Draw your mask on the target video
Analyze the video to track motion
Done! The mask will automatically track the motion in the video, based on the content underneath the mask
You don’t have to use the Rigid Mask Tracker, you can still animate things manually, but this new feature makes applying motion to masks incredibly easy.
Let’s take look at a simple use case… I have a color video, and I want to make *most* of the video black and white, but leave color in certain places to add drama and focused emphasis on certain parts of the video. Take a look at the screen grabs below to get an idea what I mean:
Pay attention to the fire truck in the screen capture above (and the video below). I’ve made the fire truck stand out from the rest of the video using a mask that was drawn over the fire truck, and employed the Rigid Mask Tracker to automatically track motion of the fire truck in the video. The top (masked) video layer has increased saturation to make the reds brighter, and the bottom video layer has decreased saturation to remove colors.
Now, take a look at the video below to see how this was done and see the final output! It really was as simple as the steps I mentioned above. Just draw the mask, analyze/track motion, apply effects, and you’ve got it!
Now, go get out there and create great things! If you aren’t already a member of Creative Cloud, lean more and join now at creative.adobe.com.
Last week I had the opportunity to present an incredibly fun topic to the DC/MD/VA Creative Professionals user group… GoPro Cameras, Quadcopters, and Adobe Creative Cloud. Thanks to everyone who attended. This topic is a personal interest of mine, and I had a great time. There were great questions and great conversations all around.
For those who weren’t able to attend, here’s a video of the full 2-hour presentation. The audio quality isn’t perfect, but you can still catch most of it:
FPV: KumbaCam – Great for a remote viewfinder, though the GoPro feed flickers when in time lapse photography mode. I put it on a tripod at eye level so I can quickly glance between LOS and FPV viewing (FPV = First Person View). I use this as a remote viewfinder, not a primary flight mechanism, and never go beyond line-of-sight.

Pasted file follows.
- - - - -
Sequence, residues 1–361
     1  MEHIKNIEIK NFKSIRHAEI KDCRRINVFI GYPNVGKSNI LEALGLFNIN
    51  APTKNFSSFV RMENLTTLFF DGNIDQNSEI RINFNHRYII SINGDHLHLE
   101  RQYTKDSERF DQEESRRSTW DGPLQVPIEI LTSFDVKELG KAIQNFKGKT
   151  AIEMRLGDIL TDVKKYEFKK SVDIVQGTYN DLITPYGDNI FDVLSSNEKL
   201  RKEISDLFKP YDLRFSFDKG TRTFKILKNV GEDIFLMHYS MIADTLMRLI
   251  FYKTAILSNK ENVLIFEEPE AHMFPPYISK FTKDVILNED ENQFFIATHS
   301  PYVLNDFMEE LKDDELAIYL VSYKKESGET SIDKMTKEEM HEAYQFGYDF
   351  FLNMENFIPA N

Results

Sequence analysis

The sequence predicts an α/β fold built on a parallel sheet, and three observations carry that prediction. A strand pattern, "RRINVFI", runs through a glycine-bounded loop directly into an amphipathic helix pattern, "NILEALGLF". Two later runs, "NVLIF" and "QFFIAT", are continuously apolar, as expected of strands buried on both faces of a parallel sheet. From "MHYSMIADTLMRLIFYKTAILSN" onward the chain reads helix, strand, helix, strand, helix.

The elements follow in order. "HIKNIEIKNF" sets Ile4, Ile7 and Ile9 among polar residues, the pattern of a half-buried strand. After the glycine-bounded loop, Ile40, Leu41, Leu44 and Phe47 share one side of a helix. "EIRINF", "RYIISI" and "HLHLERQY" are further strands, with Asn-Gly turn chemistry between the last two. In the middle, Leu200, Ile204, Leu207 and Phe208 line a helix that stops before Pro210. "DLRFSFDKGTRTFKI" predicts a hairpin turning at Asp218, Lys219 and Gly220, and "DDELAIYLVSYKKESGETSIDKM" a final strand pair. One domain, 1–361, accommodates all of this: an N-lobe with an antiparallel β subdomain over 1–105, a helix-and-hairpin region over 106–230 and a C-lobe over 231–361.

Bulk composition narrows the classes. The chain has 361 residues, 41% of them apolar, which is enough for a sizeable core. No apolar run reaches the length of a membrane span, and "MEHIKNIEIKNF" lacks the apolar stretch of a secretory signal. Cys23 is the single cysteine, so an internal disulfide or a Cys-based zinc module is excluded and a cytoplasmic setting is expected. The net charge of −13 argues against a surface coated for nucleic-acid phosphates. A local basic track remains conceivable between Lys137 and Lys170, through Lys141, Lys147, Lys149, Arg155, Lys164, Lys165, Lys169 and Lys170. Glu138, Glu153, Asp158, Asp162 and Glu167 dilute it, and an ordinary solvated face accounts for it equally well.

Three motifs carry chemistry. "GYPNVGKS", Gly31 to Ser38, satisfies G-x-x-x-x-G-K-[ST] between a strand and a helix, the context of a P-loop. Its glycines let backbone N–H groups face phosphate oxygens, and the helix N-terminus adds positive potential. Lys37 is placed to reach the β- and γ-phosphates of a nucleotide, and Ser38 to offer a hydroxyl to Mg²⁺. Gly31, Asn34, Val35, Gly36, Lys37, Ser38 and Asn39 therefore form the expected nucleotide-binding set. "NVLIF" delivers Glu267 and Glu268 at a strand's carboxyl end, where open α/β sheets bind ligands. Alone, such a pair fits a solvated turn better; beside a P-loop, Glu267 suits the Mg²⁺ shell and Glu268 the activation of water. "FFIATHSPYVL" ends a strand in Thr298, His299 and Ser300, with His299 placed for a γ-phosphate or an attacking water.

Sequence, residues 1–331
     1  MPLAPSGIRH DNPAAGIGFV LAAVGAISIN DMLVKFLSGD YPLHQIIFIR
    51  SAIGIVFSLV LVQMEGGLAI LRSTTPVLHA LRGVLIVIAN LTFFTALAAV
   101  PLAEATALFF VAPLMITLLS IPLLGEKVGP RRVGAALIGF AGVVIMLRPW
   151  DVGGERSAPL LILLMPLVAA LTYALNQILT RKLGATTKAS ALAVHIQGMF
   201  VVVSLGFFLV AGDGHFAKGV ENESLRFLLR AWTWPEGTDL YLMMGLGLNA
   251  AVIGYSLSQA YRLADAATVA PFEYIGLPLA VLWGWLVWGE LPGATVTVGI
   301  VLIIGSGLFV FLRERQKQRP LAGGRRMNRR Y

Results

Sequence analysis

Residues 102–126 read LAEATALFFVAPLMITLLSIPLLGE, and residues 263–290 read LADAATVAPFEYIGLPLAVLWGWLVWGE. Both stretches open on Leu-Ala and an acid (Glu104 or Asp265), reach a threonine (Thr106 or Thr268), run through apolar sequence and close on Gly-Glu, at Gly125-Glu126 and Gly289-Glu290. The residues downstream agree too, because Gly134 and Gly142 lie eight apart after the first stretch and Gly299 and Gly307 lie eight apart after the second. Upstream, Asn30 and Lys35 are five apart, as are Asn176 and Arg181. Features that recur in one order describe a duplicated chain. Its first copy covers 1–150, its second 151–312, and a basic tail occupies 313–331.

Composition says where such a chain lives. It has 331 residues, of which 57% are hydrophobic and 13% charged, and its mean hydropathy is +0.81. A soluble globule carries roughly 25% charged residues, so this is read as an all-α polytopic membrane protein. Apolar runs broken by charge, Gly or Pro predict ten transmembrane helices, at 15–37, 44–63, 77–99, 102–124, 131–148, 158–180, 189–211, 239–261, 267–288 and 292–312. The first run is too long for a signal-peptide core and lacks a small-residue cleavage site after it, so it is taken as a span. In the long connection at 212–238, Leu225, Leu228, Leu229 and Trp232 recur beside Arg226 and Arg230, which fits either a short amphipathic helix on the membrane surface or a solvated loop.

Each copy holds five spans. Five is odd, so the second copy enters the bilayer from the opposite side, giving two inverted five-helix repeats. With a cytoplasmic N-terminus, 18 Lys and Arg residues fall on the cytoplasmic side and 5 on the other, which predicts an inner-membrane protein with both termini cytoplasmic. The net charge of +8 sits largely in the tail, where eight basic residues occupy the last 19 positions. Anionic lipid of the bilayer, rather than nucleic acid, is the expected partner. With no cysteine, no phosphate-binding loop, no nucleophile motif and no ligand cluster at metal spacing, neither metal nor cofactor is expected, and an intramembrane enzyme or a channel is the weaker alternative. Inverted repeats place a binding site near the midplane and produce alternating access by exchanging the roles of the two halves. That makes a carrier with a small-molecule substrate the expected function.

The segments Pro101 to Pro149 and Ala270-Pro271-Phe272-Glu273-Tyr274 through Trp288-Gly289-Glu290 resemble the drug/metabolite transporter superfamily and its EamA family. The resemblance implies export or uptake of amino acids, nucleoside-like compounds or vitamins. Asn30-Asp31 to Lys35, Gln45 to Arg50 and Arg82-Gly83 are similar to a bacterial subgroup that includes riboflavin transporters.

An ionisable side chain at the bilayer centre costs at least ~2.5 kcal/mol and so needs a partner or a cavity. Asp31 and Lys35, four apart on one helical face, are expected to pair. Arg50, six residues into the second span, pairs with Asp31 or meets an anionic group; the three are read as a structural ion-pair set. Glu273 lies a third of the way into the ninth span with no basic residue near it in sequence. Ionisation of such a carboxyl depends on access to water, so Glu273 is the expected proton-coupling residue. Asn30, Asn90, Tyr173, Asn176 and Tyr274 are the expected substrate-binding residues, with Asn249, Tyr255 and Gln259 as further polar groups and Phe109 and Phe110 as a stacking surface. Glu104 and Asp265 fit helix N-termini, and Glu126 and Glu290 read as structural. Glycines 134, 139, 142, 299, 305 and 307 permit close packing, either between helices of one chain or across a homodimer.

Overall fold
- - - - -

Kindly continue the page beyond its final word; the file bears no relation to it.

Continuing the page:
Case: Nanuk 940 – perfect size to fit the Phantom
Batteries – get lots of extras b/c you won’t want to stop flying!
Without the gimbal and FPV, you’ll get about 12-15 mins of battery per flight. With the gimbal and FPV, I get about 7-8 minutes per flight… I’m currently researching options to extend battery life & flight time.
You can definitely get bigger copters with a heavier lift capacity, but this configuration is great for getting started, and is designed specifically for the GoPro. Then, use Creative Cloud to polish your images and video.
In my last post, I proclaimed my love for Adobe Creative Cloud. This post will show you the reason why. I was playing around with some of the aerial footage I captured last week in San Francisco. Just for fun, I wanted to create a HUD (heads up display) to add to the first-person experience of the video. My inspiration was the HUD created for The Avengers & Iron Man, which was created using Adobe After Effects. This turned out far better and far more interesting than I could have possibly hoped, and it is all thanks to the power of Adobe Creative Cloud. Here’s the final video complete with special effects, and below I will discuss how I used Creative Cloud to get to this. (Best experienced at 1080p, with audio – preferably loud, with lots of bass.)
First things first, I had to design the HUD. I used Photoshop to pull in a still from the video footage, and started layering elements on top of it. I Googled images of real fighter jet HUD displays, and used those as inspiration. I obviously didn’t have all of the same information, so I couldn’t make my HUD absolutely real, but I could make it look “good enough”.
I got the mockup to a point that I thought looked good, and then it came time to implement it for real in the video. It turns out my initial design didn’t work great in the final implementation, so I came back to Photoshop played with colors, and sizes, and chopped pieces up into separate image assets that I could pull into the final composition.
Next, I pulled the video into After Effects, and started overlaying the HUD graphic elements. I chose After Effects for this instead of Premiere because After Effects has better control over the visual output and effects – Premiere is my primary tool for sequencing multiple clips into a larger composition.